“Before I even created the exact recipe list, it was clear to me that I wanted to organize it according to the seasons. When I told my mom and dad about it, they said, ‘Sure. Why don’t you do it after the season? ‘ because how we eat at home is so important, ”says Liu. “Yet it’s something that hasn’t really been talked about and it’s something that isn’t really associated with Chinese food.”

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In the west, Chinese food has long been viewed as a monolith, Liu says: a generic category of dishes like mapo tofu and sweet and sour chicken. In recent years, however, the number of regional Chinese restaurants has grown, as has their representation in cookbooks.

It was worth seeing a growing interest in local Chinese cuisine and a greater curiosity about what makes Shanghai food stand out, she adds, as people become more aware of the distinct “light and refreshing” palette of flavors and signature techniques such as Hong Shao ( experience “red stewing”) “).

  1. Spring onion oil noodles from My Shanghai.

    Cook this: Spring Onion Oil Noodles from My Shanghai

  2. Mommy's red braised pork belly from My Shanghai.

    Cook this: Mom’s red braised pork belly from My Shanghai

  3. Spiced Steamed Eggplants from My Shanghai.

    Cook this: Spiced Steamed Eggplants from My Shanghai

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The timing of My Shanghai’s release in early March brought unexpected levels of meaning into a very personal project. Liu didn’t expect there would be such nostalgia for people who were unable to visit their families due to travel restrictions. It was especially meaningful to hear from so many readers given the rising number of anti-Asian attacks.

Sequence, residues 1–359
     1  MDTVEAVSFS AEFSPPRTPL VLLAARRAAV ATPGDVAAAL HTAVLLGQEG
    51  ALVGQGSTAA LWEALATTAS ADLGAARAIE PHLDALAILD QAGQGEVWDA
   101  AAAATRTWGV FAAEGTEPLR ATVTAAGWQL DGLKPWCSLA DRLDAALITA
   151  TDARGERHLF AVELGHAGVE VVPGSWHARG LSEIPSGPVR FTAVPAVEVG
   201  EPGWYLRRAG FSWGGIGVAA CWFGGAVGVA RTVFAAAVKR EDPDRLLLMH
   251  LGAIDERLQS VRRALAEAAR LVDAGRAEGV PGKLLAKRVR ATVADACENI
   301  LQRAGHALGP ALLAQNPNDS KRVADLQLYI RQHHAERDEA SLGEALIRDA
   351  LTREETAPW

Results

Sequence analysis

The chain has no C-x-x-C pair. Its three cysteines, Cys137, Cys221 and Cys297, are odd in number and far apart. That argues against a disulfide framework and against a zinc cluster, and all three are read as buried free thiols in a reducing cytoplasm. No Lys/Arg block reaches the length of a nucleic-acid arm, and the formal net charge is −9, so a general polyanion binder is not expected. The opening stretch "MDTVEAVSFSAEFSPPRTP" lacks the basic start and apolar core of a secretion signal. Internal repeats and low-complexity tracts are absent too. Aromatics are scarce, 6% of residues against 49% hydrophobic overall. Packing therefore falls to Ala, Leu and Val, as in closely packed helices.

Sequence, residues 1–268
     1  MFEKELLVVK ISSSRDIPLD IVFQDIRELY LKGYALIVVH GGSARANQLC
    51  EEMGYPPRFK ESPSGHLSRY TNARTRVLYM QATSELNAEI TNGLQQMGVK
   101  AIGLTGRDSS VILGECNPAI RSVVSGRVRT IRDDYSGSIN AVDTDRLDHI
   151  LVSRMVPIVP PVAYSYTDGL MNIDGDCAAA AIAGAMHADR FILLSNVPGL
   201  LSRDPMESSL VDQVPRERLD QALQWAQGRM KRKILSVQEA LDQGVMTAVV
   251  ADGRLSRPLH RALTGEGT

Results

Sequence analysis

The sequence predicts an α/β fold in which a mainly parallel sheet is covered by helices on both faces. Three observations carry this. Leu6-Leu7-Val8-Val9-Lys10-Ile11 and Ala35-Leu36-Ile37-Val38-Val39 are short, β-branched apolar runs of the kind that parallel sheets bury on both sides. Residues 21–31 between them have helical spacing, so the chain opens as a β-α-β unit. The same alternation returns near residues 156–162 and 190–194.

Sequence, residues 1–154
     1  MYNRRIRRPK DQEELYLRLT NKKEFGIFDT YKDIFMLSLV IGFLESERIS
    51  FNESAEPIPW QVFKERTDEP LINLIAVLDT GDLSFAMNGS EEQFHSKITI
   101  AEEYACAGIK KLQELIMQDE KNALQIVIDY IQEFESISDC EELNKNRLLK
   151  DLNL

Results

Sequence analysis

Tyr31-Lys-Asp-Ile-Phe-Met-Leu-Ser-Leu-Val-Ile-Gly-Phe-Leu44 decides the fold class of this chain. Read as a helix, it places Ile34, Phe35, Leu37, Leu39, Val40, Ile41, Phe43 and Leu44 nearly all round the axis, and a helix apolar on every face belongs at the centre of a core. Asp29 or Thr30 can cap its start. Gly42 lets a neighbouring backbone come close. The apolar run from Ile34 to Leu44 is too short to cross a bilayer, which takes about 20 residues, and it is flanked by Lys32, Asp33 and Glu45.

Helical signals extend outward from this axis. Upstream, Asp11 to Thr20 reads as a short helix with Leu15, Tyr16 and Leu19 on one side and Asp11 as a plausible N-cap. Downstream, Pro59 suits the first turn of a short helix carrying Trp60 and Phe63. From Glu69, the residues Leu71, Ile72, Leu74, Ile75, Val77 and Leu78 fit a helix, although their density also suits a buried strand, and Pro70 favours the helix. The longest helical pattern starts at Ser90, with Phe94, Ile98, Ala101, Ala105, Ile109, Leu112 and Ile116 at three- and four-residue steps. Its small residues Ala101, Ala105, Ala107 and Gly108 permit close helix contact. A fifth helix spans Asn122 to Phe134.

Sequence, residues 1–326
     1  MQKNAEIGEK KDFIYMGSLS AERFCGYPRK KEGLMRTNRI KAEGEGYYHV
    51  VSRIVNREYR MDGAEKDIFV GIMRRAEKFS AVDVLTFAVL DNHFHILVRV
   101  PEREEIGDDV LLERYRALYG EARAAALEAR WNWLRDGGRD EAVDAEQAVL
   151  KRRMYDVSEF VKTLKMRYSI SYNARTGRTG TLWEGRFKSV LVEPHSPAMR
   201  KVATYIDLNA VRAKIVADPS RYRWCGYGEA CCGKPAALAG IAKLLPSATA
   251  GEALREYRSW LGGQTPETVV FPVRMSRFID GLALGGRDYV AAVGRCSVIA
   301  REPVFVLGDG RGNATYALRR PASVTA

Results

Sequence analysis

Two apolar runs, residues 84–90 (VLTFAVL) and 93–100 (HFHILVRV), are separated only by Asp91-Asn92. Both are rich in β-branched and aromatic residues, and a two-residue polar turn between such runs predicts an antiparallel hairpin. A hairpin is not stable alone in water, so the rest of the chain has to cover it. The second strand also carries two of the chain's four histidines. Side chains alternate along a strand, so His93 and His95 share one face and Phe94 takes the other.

“It was another way to connect with the community and celebrate something positive in the midst of everything that was going on,” says Liu. “Some of the messages I got were very emotional, and I didn’t really expect them, considering the reaction I was going to get.”

Jiangnan’s flavors may be more subdued than other regions in China, explains Liu, but the cuisine has brightness, depth, and purity. The strength of home-style Shanghai cuisine lies in its concentration on fresh, seasonal ingredients. Soy sauce, cooking wine and vinegar are the most important spices. And while chefs use some flavorings (onion, ginger, and garlic) and subtle spices, the emphasis is on enhancing, rather than masking, natural flavors.

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“Every family has their own way of preparing food, but that is my family’s perspective and our experience. And I’m very honored to be able to share this with the people in one of the first Chinese cookbooks about this region, which was written by a Chinese, ”says Liu.

One of her goals with the book was to give context to the food in Shanghai; to integrate a travel element and to illustrate what the “city by the sea” is like in every season of the year. When she can return, Liu looks forward to immersing herself in her favorite street food, to which she dedicates a final chapter in My Shanghai – breakfast bao with pork and fan tuan (filled sticky rice roll) – to visit family and stroll through the markets.

“There are local markets every day,” says Liu. “A lot of people, including my family and my husband’s family, start every day with a trip to the market to buy just enough products for that day or maybe the next day. Everything is so microseasonal based on what is available in the markets. I love to just walk around and see what’s fresh. “